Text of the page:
NEWSFLASH! Special Offers & Thoughts
It is time to think about settling in for the longer nights and shorter days. Taking the opportunity to walk in the daylight whenever possible, and accepting that there will be more time to spend indoors. This could be a chance to get onto your yoga mat and spend some time in working on those postures that you normally shy away from, or developing your ability to stay in a longer yin hold. The dark nights invite us to look inwards and this is the aim of our yoga practice, to develop self-knowledge and venture into the unknown parts of Self.
How about taking up a Yoga Nidra practice for the winter, to help release stress and allow the body/mind some deep rest? Or you could develop a meditation practice in a comfortable sitting position, allowing yourself time to move within.
The experience we have on our mat is likened to COMING HOME. That sense of relief, well-being and oneness that can come when we return after being away from home for a while. Stephen Cope, of the Kripalu Centre, states – “I go to my yoga mat almost every afternoon around 4:00. I look forward to it, and most days I find it remarkably soothing. As I go through my little rituals of preparation—rolling out the mat, tidying up the yoga space, perhaps putting on some quiet music—my body begins to relax. Even my mind begins to relax. And this happens before I’ve done a single posture.
As a teacher, I’m often asked to give an explanation for the deep sense of well-being that arises in yoga. Some are looking for a complex scientific description—perhaps a description of changes in cortisol levels or other subtle changes in brain chemistry. Some would rather hear about the mysteries of the energy body—the raising of kundalini up the shushumna (central energy core of the body), and the opening of the third eye.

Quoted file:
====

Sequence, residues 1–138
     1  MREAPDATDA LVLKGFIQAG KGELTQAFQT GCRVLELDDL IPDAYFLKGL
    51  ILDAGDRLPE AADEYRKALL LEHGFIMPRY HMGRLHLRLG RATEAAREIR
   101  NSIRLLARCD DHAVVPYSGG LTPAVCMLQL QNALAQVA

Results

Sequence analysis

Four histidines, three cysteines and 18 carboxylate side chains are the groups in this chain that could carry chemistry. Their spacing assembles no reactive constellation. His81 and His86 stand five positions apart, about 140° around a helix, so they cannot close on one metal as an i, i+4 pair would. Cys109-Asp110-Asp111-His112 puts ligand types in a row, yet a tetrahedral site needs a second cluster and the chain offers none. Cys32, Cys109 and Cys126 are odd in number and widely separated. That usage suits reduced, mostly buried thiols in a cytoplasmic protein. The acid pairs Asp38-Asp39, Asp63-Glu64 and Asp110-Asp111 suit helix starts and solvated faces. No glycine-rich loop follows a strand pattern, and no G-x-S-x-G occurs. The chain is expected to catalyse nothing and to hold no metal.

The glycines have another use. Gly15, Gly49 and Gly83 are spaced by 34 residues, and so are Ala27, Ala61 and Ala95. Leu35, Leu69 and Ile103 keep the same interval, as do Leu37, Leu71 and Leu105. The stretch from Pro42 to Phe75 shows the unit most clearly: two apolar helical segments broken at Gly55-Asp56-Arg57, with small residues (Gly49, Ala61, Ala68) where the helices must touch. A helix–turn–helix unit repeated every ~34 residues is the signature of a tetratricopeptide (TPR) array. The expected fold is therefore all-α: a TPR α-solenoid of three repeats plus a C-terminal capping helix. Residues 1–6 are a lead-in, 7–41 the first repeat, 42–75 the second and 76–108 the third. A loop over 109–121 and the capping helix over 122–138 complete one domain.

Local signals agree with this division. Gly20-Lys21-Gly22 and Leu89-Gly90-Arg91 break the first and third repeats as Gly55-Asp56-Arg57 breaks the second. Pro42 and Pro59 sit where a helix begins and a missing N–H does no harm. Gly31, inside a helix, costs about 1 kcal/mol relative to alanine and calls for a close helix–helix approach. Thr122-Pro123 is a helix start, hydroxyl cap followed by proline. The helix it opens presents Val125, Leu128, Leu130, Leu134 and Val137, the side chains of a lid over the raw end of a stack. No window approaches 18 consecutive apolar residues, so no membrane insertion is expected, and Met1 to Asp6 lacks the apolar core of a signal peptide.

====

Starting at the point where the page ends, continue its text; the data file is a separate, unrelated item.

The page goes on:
All of these explanations do apply, of course. Postures and breathing change brain and body chemistry: heart rate, breathing rate, blood pressure, brain-wave activity—all these things change, and decidedly for the better. And subtle energies do integrate. That’s true, too.
But more and more, the well-being—the homecoming—cultivated by yoga postures just seems much simpler to me. What is the potent active ingredient in our homecoming? I believe it is primarily the practice of being present for experience—a practice that generations of seekers have called mindfulness.
What, exactly, is this “mind-full-ness”? Mindfulness is the direct, immediate, and vivid experience of whatever is arising here and now. It is a nonjudgmental awareness that does not get caught up in thoughts or concepts or “stories” of any kind. It is sometimes called “bare attention.” Mindfulness is simply “knowing” an experience—just as it is.
What’s amazing is that we don’t really have to learn this “direct and vivid knowing of phenomena” at all. This immediate knowing is the true nature of the mind and heart. When we momentarily drop all the other things we’re doing with our minds—thinking, analyzing, comparing, judging, craving—mindfulness emerges quite effortlessly. It is like the ground underneath us—always there whether we’re aware of it or not.”
So, as Stephen says, “Don’t take my word for this: Find out for yourself! Perhaps right now. Just for a few moments, simply sit, breathe comfortably (close your eyes if you’d like), and allow yourself to be at ease. Stop reading, stop all activity, and notice what happens.”
Love & Light, Penny.